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Jan 13 2011

The chair of the US House Committee on Homeland Security, Peter King, has called to place journalist Julian Assange, editor-in-chief of Wikileaks on a US enemies list. US citizens and treaty nation partners of the USA are forbidden to aid or associate with individuals named on that list.

I rather think he’d better add the editors-in-chief of the New York Times, and the Washington Post – and almost every other newspaper to that list, because they’re all essentially doing (and have always done) the same thing as Assange’s Wikileaks – that is, publishing information that has been leaked by US government officials.

The only differences are that Wikileaks offered US departments the opportunity to redact some of that information – an opportunity not normally granted by publishers, but which the US Government declined – and that major newspapers are rather wishing that they were the ones being leaked to first.

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The world is changing. Can you feel it?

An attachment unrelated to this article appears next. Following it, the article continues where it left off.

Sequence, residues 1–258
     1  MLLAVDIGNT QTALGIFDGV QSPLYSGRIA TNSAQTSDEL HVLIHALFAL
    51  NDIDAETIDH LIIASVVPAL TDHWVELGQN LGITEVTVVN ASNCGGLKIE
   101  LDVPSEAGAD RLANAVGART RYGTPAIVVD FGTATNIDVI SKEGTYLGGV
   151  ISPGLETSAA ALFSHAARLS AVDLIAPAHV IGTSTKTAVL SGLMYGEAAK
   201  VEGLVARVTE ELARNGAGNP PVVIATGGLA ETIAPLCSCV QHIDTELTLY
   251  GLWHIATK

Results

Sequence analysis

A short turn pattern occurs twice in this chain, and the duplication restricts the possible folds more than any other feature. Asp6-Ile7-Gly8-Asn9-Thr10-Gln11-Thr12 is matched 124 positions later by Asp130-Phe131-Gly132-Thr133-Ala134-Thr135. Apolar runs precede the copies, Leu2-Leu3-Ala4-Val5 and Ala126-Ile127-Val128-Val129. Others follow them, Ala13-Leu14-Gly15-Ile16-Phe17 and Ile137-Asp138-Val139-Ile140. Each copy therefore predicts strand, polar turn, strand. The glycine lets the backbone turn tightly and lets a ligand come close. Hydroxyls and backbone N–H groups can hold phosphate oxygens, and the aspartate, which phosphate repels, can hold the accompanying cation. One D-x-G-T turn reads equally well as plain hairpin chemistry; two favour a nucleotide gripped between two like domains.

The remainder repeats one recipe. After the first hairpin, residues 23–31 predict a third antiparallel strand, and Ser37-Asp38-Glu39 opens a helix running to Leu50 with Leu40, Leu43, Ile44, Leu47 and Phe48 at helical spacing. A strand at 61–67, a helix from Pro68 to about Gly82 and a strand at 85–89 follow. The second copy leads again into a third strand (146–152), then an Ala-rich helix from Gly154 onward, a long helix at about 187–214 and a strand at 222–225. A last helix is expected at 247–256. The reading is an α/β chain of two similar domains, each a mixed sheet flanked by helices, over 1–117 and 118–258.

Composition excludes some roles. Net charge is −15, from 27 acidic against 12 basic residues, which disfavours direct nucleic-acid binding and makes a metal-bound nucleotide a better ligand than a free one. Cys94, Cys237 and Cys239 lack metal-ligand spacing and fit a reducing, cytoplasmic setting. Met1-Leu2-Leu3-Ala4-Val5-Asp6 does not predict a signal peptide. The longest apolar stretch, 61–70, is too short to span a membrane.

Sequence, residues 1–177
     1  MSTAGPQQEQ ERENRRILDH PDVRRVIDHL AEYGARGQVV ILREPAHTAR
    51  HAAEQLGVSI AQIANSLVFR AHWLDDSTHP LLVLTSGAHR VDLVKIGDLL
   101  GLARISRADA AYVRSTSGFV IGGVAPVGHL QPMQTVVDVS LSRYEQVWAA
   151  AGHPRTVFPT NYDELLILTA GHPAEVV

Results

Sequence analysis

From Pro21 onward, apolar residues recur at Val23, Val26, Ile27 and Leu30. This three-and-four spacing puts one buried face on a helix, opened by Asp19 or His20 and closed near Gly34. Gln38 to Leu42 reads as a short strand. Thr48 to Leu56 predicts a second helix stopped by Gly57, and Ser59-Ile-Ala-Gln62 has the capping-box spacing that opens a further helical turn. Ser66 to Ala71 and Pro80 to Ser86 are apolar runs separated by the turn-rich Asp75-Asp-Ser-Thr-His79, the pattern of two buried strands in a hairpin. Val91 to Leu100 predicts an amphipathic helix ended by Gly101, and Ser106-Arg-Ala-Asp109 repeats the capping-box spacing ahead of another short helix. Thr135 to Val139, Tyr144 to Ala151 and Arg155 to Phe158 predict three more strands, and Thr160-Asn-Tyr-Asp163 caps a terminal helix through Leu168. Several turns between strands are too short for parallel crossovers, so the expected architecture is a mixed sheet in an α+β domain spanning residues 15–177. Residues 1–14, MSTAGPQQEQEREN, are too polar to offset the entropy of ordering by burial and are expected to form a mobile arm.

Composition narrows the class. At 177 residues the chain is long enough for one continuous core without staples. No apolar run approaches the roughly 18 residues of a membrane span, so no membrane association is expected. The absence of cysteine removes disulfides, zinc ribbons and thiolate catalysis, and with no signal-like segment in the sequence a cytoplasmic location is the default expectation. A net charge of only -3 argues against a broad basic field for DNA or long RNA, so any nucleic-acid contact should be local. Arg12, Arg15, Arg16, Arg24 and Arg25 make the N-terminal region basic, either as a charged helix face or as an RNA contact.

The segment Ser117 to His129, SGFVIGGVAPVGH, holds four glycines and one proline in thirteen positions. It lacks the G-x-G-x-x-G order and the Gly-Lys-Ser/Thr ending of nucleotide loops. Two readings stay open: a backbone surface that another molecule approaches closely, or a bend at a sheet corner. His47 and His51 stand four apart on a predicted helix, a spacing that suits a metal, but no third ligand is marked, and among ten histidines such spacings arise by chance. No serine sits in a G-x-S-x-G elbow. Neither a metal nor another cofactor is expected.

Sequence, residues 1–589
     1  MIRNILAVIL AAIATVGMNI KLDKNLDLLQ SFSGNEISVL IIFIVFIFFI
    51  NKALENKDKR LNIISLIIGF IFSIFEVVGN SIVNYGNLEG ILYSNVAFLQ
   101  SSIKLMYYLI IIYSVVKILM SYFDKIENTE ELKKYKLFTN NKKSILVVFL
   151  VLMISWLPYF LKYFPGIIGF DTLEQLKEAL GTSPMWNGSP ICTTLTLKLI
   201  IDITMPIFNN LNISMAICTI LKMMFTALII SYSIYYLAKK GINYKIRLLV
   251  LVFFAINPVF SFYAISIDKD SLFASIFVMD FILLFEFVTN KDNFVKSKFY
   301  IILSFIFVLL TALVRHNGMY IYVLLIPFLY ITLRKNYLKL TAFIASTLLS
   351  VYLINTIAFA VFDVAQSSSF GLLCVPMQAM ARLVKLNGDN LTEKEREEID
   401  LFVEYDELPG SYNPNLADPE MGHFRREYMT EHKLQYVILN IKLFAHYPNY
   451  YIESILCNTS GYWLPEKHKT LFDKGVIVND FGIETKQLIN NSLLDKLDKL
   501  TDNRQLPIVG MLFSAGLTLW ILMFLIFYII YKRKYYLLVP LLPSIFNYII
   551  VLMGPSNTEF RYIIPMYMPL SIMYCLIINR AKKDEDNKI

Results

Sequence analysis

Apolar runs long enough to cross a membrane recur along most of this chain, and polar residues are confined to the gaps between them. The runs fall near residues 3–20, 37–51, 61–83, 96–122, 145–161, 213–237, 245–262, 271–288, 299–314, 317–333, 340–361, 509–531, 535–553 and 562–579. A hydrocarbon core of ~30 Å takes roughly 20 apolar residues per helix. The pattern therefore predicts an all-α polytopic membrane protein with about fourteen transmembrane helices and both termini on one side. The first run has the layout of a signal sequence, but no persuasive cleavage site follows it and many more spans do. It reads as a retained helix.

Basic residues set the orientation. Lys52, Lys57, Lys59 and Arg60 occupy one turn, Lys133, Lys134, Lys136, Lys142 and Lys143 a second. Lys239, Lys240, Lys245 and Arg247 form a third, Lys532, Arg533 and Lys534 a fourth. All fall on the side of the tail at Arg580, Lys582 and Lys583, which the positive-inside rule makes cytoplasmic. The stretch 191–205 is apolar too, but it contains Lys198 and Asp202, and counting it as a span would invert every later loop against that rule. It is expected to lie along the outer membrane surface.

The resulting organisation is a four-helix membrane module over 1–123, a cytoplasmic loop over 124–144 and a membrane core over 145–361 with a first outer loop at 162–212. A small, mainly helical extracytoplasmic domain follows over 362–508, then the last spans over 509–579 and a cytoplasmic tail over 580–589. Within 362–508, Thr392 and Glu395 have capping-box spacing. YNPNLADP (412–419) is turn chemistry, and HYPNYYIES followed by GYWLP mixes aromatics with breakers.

A month ago, I didn’t give a hoot about Wikileaks. It didn’t interest me at all. Nor did journalist Assange, one of its founders and operators. I couldn’t have cared less about them. Wikileaks was just one more news publication in an ocean of news publications, all of which periodically ran with stories about this or that leaked document.

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I’ve been watching the whole Wikileaks fiasco with interest. The contents of the fat bundles of information released, of late, don’t actually interest me at all, but the process of what is going on is fascinating to watch.

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